The documentary 13th is ostensibly about the loophole in the 13th amendment that allows slavery to continue in the case of those convicted of a crime. And, I thought this documentary would just be Michelle Alexander's "The New Jim Crow" book but on video and set to music. But 13th covers a lot more than that.
I really liked the part where DuVernay characterized black people as having had to run from the terrorist south. They were like refugees in the Northeast in the and West of the United States. But then the movie Birth Of A Nation" (1915 version) came out and made KKK members of white people all across the country these black people were in danger again. This documentary even discussed, briefly, what it's going to take for Black Lives To Matter in the years ahead. And it also spoke of why vigilance is required in the immediate future as prison populations go down and home incarceration and GPS tracking goes up.
There were a number of black women interviewed. But how black female victims wind up in the prison system weren't ever in the foreground
I understand that 1 in 3 black men will do prison time over the course of their lifetime as opposed to1 in 17 white men. But black women wind up in prison at 3 to 6 times the rate of white women too. Even if you don't want to get into gender issues, even if you want to remain focused on race, the names of Rekia Boyd and Sandra Bland should have had their own 1 to 2 minute segment as examples of black injustice too. I shouldn't have been able to miss their names altogether when they popped up in a still photograph if I had blinked.
- Even though I know there's tons more footage of black men being killed by police, I expect black feminists to try to break Black Lives Matter away from the implied Black Male Lives Matter every single chance they get.
But the documentary was still excellent. The other criticisms I have are regarding the documentary not being longer.
I know a guy that says he is one of the two or three surviving members of an entire high school class in Los Angeles. IN LOS ANGELES, not some small podunk town in the mid-west with a graduating class of 20. He said the rest of them died in the crack game of the 1980s.
The term "super predators" is racist, of course. But it's not that some of these kids weren't scary. They weren't "super predators" because they didn't have the power to truly prey on anybody. They didn't have the power to import, distribute across the country like white people did. Those black kids couldn't do anything but do some minor b.s. on the street. ALEC, as described in the documentary, qualifies as a "super predator" (And they wrote some of the worst Clinton legislation too -- when they wrote for republicans 95% of the time)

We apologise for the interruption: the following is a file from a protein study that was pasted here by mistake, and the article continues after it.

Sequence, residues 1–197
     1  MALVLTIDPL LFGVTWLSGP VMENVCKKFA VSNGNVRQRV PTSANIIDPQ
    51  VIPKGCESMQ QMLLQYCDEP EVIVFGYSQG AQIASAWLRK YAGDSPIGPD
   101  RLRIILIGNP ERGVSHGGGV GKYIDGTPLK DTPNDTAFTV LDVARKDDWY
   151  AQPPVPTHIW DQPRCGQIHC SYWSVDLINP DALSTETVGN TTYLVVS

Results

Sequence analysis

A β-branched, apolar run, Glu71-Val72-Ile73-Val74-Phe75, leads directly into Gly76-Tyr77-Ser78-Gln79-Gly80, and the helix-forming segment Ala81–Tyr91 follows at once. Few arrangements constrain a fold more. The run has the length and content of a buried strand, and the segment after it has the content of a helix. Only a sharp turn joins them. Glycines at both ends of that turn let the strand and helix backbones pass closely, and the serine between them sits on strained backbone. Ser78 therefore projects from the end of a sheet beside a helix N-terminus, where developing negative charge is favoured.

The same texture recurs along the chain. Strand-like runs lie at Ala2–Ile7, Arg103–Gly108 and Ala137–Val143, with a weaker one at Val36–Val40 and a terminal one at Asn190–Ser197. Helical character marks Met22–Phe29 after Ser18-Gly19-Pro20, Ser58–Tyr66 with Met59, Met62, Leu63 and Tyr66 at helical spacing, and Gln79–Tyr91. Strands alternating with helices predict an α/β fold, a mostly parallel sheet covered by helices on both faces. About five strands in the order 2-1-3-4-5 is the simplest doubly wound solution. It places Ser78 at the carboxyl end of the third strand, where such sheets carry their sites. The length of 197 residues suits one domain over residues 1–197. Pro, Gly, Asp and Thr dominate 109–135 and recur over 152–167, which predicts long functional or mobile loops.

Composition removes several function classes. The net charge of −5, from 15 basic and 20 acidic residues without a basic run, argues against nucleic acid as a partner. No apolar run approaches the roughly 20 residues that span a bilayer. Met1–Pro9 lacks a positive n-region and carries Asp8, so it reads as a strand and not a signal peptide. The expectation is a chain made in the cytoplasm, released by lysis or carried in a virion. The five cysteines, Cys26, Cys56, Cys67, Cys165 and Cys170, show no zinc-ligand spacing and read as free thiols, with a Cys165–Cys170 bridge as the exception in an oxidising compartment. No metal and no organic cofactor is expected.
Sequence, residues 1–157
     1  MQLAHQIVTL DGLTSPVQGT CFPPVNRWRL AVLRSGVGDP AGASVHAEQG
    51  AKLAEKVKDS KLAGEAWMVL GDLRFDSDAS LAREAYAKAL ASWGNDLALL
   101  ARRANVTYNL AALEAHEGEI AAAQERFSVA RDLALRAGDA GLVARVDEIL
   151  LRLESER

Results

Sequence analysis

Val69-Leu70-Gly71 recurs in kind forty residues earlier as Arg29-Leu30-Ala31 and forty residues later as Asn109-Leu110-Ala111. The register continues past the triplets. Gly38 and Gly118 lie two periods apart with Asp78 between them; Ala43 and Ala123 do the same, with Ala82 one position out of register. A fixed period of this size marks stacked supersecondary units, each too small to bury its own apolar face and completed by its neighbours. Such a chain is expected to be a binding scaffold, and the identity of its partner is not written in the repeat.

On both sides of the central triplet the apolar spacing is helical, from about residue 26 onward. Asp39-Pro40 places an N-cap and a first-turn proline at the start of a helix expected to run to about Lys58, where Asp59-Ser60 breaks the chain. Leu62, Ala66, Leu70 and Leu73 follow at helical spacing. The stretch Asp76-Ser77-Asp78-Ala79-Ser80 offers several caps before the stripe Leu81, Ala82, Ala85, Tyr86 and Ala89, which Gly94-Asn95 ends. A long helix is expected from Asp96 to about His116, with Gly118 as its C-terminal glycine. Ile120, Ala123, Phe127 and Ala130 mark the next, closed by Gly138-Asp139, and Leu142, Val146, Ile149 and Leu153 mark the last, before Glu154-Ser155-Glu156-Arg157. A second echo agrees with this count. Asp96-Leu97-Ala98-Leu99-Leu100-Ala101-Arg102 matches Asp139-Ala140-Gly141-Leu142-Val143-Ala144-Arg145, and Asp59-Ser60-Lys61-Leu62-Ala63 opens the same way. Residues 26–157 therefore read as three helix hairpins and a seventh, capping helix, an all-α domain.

But these baby crack dealers? The fact that they were young 13, 14, and 15, trying to prove they were men (toxic masculinity) was the thing that made them dangerous as hell, not their blackness.
A black man of 30 or 40? If you come across him as a criminal doing criminal activity, he might shoot you for some logical reason -- you're witnessing a murder or something. He's not going to shoot you just to prove he's got the stones to do it.
The reason this was an important thing to leave out is because it's important to show that black people desperate to support Charlie Rangel and other black politicians that supported the Clintons were not stupid. The black people these black politicians represented had something real to be afraid of.
I remember someone, a person of color, having me on the verge of thinking that the 3 strikes law was a good thing. But, once I read the details of the law I understood a person could wind up for life for something stupid.
- Kiting checks is a felony, ya know? So if one felony out of three felonies is shoving somebody during a robbery (violence like Mike Brown's?) a person could wind up in jail for life. Even the most hard core law and order person, that's not a closet racist, should be able to see that our prison system cannot bear such a thing. There aren't enough judges, prisons or prosecutors.
Law and Order was what people white, black, and brown wanted to hear when crack came to town.
If that section of the documentary had been longer, had covered the crack cocaine era with a bit more detail, you'd know why she ultimately seems to find Donald Trump a frightening prospect
I've said it before. I'll say it again. I don't believe anybody is free from bigotry. I don't believe in anybody's purity. We're all living and breathing white supremacy -- even black and brown people score as prefering white perspective on implicit bias tests. But white people score higher when testing for white bias. So we know that white people, on the left or right side of the aisle, are rarely ever free from anti-black racism.
But all white racism is not created equal.
Hillary's is normal
Trump's is a KKK version
If you haven't watched 13th yet, watch it now on Netflix.
When it comes out on DVD, buy it. Put it on the shelf next to Eyes On The Prize. I think you should watch both, once a year, with your own children or somebody else's children --especially if you aren't black.
*Look Up White Mob Violence in 1980s NY. The words Howard Beach, Bensonhurst, Michael Griffiths, Yusef Hawkins, Willie Turks should get you some details. What happened to the Central Park Five is also Reagan affected because Ronald Reagan made overt white racism fashionable again
By the way, it kind of irked me Newt the-Grinch Gingrich was the white republican sounding all reasonable. He was one of the scariest white @$$hats in the country for a long time.